MONTGOMERY, Ala. (WIAT) – Alabama Sen. Tommy Tuberville is working to regulate how college athletes can get paid for their name, image and likeness.
Tuberville says the world of college sports has changed as we know it following the Supreme Court ruling last year that players can get paid for NIL.
Several Alabama athletes are benefiting from the ruling. University of Alabama Quarterback Bryce Young is now a regular in Dr. Pepper ads. One ad even has a character questioning “How many NIL deals does Bryce Young have?”
Young is valued at $3.2 million in NIL deals, according to On3, a recruiting site. Alongside Dr. Pepper, Young is also featured in a Nissan ad and has partnered with several other companies.
Tuscaloosa Sen. Gerald Allen says he’s a fan of Young, calling him a role model and “sharp as a tack,” but says there needs to be a better way to regulate NIL before teams and companies can essentially buy their players.
“You’re moving into a new direction where you have a semi-pro league in the top five conferences. You’re on the track to destroy collegiate athletics,” Allen said.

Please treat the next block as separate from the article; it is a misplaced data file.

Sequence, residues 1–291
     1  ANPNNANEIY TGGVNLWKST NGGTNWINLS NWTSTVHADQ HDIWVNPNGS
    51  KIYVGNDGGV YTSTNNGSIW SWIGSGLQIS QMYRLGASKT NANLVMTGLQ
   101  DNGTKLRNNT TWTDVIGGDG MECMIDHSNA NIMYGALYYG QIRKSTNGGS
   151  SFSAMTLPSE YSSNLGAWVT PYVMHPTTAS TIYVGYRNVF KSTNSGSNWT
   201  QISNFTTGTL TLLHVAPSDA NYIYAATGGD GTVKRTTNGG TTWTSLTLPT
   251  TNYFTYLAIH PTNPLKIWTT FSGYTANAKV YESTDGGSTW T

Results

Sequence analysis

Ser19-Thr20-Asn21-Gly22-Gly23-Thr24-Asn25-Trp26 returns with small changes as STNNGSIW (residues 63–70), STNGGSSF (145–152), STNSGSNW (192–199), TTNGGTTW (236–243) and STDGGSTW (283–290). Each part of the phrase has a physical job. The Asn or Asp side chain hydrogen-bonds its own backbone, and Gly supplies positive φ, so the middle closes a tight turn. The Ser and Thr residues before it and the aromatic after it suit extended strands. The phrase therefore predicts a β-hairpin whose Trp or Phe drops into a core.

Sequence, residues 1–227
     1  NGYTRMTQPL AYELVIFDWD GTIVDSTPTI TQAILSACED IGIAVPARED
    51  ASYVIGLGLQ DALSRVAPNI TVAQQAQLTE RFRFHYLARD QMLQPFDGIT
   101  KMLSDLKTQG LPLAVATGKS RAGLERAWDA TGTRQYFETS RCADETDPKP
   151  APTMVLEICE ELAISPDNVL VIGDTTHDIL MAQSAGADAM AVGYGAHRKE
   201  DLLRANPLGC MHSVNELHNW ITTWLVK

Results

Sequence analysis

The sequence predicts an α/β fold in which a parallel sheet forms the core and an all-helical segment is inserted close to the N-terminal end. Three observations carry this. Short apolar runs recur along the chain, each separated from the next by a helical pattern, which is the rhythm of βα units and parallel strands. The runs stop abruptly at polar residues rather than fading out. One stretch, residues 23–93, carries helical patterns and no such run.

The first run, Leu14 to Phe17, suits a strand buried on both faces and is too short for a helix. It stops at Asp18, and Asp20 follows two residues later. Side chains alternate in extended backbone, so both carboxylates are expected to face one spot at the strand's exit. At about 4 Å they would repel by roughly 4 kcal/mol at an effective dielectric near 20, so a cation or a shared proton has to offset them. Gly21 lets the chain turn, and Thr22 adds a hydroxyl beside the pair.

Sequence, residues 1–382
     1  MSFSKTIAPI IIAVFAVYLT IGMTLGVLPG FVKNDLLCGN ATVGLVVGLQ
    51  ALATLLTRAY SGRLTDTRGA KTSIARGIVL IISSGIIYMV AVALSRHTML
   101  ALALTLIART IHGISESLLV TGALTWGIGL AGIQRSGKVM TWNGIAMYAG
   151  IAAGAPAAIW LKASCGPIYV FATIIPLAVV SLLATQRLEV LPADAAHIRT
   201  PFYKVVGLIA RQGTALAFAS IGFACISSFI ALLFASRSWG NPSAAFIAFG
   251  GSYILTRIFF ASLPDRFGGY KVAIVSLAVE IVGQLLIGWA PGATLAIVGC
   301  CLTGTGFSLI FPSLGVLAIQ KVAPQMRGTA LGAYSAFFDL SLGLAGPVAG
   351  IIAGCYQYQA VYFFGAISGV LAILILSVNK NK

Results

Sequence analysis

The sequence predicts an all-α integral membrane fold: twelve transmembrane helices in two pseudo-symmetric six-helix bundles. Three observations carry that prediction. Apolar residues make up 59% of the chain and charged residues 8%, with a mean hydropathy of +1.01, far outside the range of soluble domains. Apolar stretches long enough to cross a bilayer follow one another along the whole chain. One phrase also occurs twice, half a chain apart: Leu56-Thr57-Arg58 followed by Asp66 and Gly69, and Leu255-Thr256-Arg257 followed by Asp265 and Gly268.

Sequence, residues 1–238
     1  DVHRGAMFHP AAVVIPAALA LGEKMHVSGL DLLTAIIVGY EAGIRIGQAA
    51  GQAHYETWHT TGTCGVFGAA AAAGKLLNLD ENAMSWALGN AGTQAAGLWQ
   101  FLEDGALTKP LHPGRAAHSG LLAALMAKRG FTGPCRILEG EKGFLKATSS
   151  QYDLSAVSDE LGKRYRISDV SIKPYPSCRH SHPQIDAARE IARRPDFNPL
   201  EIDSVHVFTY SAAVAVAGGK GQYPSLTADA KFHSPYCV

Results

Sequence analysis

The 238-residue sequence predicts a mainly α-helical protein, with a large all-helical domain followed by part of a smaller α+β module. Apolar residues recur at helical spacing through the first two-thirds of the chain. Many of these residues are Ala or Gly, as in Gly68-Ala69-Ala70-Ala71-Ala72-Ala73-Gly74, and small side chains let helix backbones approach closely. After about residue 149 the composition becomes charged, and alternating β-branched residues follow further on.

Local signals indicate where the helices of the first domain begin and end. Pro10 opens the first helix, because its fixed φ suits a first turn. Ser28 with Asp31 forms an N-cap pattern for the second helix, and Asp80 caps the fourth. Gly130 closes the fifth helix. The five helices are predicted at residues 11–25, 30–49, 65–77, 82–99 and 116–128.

Tuberville, a former Auburn football coach, announced he’s working with West Virginia Sen. Joe Manchin to draft a bill regulating NIL.
“The NCAA’s lack of leadership has created an environment where student-athletes can be exploited, and wealthy boosters can be empowered. That has to stop,” Tuberville said in remarks Wednesday morning.
Tuberville says they sent a letter to athletic directors, university presidents and student-athlete groups asking for input last month.
Over the next several weeks, he says he’s aiming to draft legislation that could win bipartisan support — focused on protecting student-athletes, ensuring fair competition and compensation and preserving the traditions of college sports.
“Because of the NCAA’s lack of meaningful leadership and clarity, it has become increasingly apparent that the federal government will have to act,” Tuberville said.
Tuberville says he looks forward to debate on the issue in Congress this fall.